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N. plena is plant for ornamental purpose, but in most place it become a noxious weed.
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Leucaena leucocephala is a small tree native to Central & Southern America.
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The specific name is derived from the Greek words leuco, meaning ‘white’, and cephala, meaning ‘head’, referring to its flowers.
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L. leucocephala is used for firewood, fiber and livestock fodder. In 1970s and 1980s, it was promoted as a ‘miracle tree’ for its multiple uses, but soon it becomes a ‘conflict tree’ as is spreads as a weed in some places.
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The young seeds are edible, but need to be pre-cooked to denaturalized the mimosine, which can be toxic to non-ruminants vertebrates.

Wednesday, May 5, 2010

Pontederiaceae


Pontederiaceae is a family of an aquatic flower plants, distributed in tropical and subtropical waters..

The name Pontederia’ was named by Linnaeus in honour of the Italian botanist Giulio Pontedera. There are 6 genera within this family : Eichhornia ( 6 species ), Heteranthera ( 12 species ), Hydrothrix ( 1 species ), Monochoria ( 7 species ), Pontederia ( 6 species ), and Scholleropsis ( 1 species )..

Members of the Pontederiaceae family are normally annuals or perennial aquatic herbs. They are either free floating or rooted. Some leaves with inflated petiole for floating..

Flower actinomorphic, solitary or aggregated, trimerous, perianth 6, colour white/violet/blue/rarely yellow. Fruit capsule ( 3 lobes ) or nut, dehiscent ( when capsulate ) or indehiscent ( when pseudomonomerous )...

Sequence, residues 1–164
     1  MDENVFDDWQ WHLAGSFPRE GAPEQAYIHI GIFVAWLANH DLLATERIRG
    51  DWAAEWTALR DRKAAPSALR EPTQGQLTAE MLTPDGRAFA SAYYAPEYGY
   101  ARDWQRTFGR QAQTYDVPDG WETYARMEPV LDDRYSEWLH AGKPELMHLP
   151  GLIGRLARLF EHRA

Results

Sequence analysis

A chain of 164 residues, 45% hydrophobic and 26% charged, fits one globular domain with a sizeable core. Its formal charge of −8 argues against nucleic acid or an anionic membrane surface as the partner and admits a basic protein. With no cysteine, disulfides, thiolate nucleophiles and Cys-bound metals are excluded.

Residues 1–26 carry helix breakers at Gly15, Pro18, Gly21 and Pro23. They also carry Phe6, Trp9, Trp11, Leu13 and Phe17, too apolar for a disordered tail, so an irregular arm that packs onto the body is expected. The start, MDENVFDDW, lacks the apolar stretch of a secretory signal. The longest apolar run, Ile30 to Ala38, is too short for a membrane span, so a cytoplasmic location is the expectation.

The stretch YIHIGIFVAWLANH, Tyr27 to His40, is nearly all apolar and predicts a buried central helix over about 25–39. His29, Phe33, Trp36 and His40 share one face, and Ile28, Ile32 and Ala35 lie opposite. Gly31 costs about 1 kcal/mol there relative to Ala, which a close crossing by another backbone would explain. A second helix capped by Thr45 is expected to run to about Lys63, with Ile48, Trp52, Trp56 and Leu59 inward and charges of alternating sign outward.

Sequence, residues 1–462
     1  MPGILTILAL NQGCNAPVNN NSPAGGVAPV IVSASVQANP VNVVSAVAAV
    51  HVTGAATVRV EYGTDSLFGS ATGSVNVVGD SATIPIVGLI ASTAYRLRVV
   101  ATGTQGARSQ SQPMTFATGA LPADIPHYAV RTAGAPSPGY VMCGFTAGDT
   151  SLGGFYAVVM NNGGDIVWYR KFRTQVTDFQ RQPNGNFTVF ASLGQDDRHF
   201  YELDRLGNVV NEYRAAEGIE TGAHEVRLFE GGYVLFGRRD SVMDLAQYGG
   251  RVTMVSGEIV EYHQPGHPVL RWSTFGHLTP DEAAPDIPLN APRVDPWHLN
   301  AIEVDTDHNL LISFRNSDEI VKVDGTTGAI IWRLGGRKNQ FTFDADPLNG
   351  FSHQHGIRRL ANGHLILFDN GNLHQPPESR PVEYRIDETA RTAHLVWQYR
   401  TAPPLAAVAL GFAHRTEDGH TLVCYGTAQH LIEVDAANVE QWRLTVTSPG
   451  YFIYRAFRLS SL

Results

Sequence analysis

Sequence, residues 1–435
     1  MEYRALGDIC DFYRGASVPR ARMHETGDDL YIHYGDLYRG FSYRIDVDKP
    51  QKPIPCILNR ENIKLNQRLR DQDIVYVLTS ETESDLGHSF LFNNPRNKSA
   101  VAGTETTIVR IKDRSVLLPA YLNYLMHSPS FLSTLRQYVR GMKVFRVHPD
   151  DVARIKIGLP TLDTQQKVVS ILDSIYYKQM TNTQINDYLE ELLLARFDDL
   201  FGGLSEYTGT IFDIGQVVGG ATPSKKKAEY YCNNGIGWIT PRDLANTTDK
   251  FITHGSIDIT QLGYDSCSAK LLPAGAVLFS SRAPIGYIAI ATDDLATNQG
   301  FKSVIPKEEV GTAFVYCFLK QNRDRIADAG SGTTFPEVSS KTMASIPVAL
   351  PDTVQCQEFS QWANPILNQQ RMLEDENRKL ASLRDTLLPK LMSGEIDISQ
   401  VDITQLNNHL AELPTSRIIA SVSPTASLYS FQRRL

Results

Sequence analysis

Due to its showy inflorescences, some species including Eichhornia are use as ornamental plants in water gardens & aquariums. However, as most Ponderiaceae grow gregariously in pool, ditches, and rice fields, they had become noxious weeds, blocking waterways, and competing nutrition with crops and crowd out native species. Some species are use as livestock feed, and as green manure. The young leaves and petioles of Eichhornia crassipes are sometimes used as a vegetable. .


Eichhornia azurea
Synonyms : Pontederia azurea
Common names : Rooted water-hyacinth, Peacock water-hyacinth
Rooted in mud; Inflorescences 7 – 50 flowers, perianth blue or white, flowers open 1 day only.





Eichhornia crassipes
Synonyms : Pontederia crassipes, Eichhornia speciosa, Pairopus crassipes, Heteranthera formosa.

Common names : Water-hyacinth, Lilac-devil, 布袋莲, 凤眼莲
Leaves with inflated petiole for floating; Perianth blue or mauve-blue, inflorescences 4 – 15 flowers, flowers opening individually
within 2 hours after sunrise, wilting by night, stamen 6.











Monochoria elata
Synonyms : Monochoria valida
Common names : 高葶雨久花
Rooted in mud; Flower actinomorphic; Inflorescence up to 30 flowers, perianth purplish blue; tepals connate basally.


Pontederia cordata
Synonyms : Narukila cordata, Pontederia angustifolia, P. cordata var. lanceolata, P. cordata var. lancifolia, P. lanceolata, P. lancifolia, Unisema cordata.
Common names : Pickerel-weed
Rooted in muc, Perianth mauve-blue; Inflorescence > 50 flowers, up to several hundred flowers; 1-seeded.
P. corata has a large number of synonyms, at the levels of species, variety and form. Almost all these names are based on variatins in leaf shape, but extensive morphological variatin has been observed within single populations and even in individual plants. The cause of the variance had yet to be identified.